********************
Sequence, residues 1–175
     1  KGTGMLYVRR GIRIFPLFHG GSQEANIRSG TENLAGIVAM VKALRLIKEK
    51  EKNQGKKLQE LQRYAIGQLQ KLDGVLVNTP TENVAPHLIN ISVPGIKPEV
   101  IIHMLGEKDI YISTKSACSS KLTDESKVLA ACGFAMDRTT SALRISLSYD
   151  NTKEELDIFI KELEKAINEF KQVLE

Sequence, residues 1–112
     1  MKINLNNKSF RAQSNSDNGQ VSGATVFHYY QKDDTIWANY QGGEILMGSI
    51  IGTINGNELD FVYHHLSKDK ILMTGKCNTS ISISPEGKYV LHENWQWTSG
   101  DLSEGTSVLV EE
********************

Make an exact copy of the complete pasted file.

Sequence, residues 1–175
     1  KGTGMLYVRR GIRIFPLFHG GSQEANIRSG TENLAGIVAM VKALRLIKEK
    51  EKNQGKKLQE LQRYAIGQLQ KLDGVLVNTP TENVAPHLIN ISVPGIKPEV
   101  IIHMLGEKDI YISTKSACSS KLTDESKVLA ACGFAMDRTT SALRISLSYD
   151  NTKEELDIFI KELEKAINEF KQVLE

Sequence, residues 1–112
     1  MKINLNNKSF RAQSNSDNGQ VSGATVFHYY QKDDTIWANY QGGEILMGSI
    51  IGTINGNELD FVYHHLSKDK ILMTGKCNTS ISISPEGKYV LHENWQWTSG
   101  DLSEGTSVLV EE